Routine: my guilty confessions to Gina Ford

Before my son was born, we decided that we wanted to get our baby into a routine. My husband, who prefers underlying principles to rules, read Gina Ford and said: “Great, let’s apply the general ideas but not try to follow her timings to the second, because this woman is clearly insane.”

I, however, am one of those people who navigates their way through the flood waters of life by clinging on to rules like a life raft. I am not saying this is good. In fact, I would say this is one of my big failings, as I am prone to getting so caught up in the little details that I fail to spot the big picture, like, say, the reason you are actually following the rules in the first place.

When my son was a baby I tried not to get too hung up on Gina’s precise timings, but she was so adamant that unless you followed her routine to the letter, things would go wrong, and if your baby was not content it was your own fault for not doing as she told you. Aside from rules, I am also a bit of a sucker for Experts. So the Toddler, a baby at the time, got into a lovely routine that looking back I am more than happy with, but along the way I did nothing but stress and beat myself up and clock-watch and shed the occasional tear of frustration at a nap that was too long or too short etc. etc.

With the Baby, I still can’t make up my mind what to do. I am not trying to Gina Ford it. I am trying not to Gina Ford it. Instead, I decided I’d go with a more general ‘rhythm’ rather than strict timings – as suggested by the Baby Whisperer, because I am still a sucker for Experts – of eat, play, sleep in 3 to 3 1/2 hour blocks. I try to watch her and put her to bed when she seems tired. I want to let her sleep for as long as she wants to, up to the next feed. Then I try to keep her awake for about 2 hours before bedtime. That is what I want to want.

In reality, I cannot help clocking how long she has been asleep for and comparing it in my head to Gina Ford’s advice. This morning I let her sleep for an hour and a half before I woke her up, 45 minutes before her next feed was due. That was me incapable of making a decision for either my own plan or Gina Ford’s: Gina would say no more than a 45 minute morning nap is needed, so it was too long. My planned approach would have said: you woke her up well before her feed and it was difficult to rouse her, she obviously wanted to sleep for longer, so let her. In total, today, I let her sleep for four and a half hours. Gina would say that was too much daytime sleep at this age, especially if I then guiltily admitted that I had let her sleep until 8am that morning and that she was more than ready for bed by 6.15pm.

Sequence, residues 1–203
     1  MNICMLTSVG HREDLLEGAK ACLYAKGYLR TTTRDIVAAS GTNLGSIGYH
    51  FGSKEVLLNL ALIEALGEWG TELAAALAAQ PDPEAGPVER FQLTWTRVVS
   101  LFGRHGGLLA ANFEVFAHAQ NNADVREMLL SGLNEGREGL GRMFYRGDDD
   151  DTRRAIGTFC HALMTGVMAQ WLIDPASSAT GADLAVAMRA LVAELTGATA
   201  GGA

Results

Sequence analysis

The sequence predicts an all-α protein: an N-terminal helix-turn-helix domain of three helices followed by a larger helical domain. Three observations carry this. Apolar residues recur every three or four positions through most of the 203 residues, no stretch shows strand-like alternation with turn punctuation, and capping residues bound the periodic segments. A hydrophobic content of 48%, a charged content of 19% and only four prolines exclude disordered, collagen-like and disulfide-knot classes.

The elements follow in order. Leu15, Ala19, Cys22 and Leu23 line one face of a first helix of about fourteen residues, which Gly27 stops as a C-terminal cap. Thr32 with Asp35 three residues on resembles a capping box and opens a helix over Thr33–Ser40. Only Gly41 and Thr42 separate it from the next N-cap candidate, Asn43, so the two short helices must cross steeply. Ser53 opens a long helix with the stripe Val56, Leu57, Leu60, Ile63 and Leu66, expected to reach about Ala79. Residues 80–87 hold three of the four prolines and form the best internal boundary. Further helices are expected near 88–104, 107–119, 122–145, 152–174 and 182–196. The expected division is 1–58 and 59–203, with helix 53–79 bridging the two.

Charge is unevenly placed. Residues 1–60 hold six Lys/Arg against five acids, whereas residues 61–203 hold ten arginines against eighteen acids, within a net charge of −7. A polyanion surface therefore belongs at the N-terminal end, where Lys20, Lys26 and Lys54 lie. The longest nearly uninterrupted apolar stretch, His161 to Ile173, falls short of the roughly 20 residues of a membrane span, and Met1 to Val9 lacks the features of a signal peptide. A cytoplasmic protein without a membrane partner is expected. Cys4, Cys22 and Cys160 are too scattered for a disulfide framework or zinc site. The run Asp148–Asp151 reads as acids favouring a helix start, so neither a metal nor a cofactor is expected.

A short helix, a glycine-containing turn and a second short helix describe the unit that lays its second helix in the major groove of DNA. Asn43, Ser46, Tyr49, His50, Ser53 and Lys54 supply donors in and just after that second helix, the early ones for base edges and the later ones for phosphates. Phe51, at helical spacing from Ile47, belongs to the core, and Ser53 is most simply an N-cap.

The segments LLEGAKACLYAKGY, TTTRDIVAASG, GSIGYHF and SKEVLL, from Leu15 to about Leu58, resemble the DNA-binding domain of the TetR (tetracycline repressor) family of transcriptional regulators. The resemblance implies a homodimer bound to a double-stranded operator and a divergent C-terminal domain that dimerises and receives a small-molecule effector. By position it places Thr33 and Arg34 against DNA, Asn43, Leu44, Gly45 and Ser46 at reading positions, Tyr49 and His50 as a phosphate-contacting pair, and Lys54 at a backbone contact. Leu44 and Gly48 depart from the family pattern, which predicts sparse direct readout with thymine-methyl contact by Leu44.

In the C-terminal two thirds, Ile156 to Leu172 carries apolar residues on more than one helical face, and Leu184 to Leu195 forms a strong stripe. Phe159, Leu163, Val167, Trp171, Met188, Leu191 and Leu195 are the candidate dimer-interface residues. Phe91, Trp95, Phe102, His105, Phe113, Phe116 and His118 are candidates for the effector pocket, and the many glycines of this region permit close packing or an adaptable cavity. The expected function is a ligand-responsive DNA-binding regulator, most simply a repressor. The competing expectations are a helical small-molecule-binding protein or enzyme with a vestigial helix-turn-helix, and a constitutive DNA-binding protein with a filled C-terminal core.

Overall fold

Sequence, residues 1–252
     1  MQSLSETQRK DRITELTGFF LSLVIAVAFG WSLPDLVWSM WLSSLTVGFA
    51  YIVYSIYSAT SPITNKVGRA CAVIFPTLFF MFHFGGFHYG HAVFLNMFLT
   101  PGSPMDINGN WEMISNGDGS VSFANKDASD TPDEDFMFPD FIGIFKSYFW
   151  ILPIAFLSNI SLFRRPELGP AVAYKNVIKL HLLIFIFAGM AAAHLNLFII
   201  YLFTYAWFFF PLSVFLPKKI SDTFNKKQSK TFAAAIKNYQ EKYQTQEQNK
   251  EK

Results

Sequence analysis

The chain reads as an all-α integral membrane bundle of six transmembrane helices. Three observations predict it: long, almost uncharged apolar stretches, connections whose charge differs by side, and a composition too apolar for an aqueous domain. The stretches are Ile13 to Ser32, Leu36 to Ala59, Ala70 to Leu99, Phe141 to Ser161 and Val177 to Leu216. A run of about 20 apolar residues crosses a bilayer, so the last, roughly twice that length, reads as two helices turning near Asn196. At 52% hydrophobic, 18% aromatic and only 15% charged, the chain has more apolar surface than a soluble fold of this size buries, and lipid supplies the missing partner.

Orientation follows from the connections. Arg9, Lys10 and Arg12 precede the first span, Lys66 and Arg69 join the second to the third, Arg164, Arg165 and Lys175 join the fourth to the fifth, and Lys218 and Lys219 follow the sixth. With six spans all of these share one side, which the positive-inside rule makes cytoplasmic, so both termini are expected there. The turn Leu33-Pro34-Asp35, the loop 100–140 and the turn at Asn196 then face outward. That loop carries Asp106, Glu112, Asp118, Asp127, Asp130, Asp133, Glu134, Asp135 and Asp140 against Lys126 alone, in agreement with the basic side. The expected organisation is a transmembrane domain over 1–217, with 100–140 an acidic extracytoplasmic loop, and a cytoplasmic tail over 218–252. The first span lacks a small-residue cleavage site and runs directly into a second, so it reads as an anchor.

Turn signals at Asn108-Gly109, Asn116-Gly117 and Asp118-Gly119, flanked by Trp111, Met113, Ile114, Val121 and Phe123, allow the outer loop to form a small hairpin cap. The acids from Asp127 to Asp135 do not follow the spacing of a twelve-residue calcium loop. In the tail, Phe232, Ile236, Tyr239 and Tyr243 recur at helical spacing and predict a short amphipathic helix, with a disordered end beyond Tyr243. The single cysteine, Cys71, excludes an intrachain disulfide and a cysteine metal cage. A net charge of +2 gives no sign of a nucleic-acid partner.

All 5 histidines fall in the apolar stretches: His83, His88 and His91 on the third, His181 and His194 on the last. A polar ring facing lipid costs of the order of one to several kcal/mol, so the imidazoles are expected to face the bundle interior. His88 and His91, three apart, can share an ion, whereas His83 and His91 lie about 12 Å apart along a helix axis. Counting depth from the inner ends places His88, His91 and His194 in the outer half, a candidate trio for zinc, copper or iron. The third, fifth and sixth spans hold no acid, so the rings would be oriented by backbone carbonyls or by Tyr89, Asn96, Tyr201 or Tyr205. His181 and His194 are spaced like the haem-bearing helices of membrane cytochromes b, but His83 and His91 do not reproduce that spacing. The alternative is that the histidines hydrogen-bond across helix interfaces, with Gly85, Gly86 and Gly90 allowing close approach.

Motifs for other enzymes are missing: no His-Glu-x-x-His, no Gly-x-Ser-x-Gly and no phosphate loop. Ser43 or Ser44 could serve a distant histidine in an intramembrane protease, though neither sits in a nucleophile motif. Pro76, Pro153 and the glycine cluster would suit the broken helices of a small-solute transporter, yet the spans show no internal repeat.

Something in me says: if she wants to go to bed, let her. If she wants to sleep until 8, let her. If she wants to nap for ages, let her. There will be plenty of times when she won’t want to do any of that and you’ll wish you’d taken the opportunities to have a break and some one to one time with the Toddler when you could. She sleeps quite well at night, she feeds, she is happy and content, she settles herself to sleep without rocking, singing, white noise, hand holding or anything. All she wants is a quiet, dark room, and her fingers to suck. This is not a baby who needs more regimenting. This is a baby who is quite happy and self-sufficient.

Eventually, I am hoping I can gently encourage a reliable routine that I can plan my work around. And I also hope this reliable routine will include a lunchtime nap that roughly coincides with my son’s, so that I have time to do some work in the middle of the day. But at 12 weeks, I’m sure my son was no further in being ‘reliable’ than my daughter is now, even though I had put a lot more hard work into his routine and shed many more tears over it.

In the meantime, I will be the one in the corner with a clear view of the clock, pretending not to watch it.


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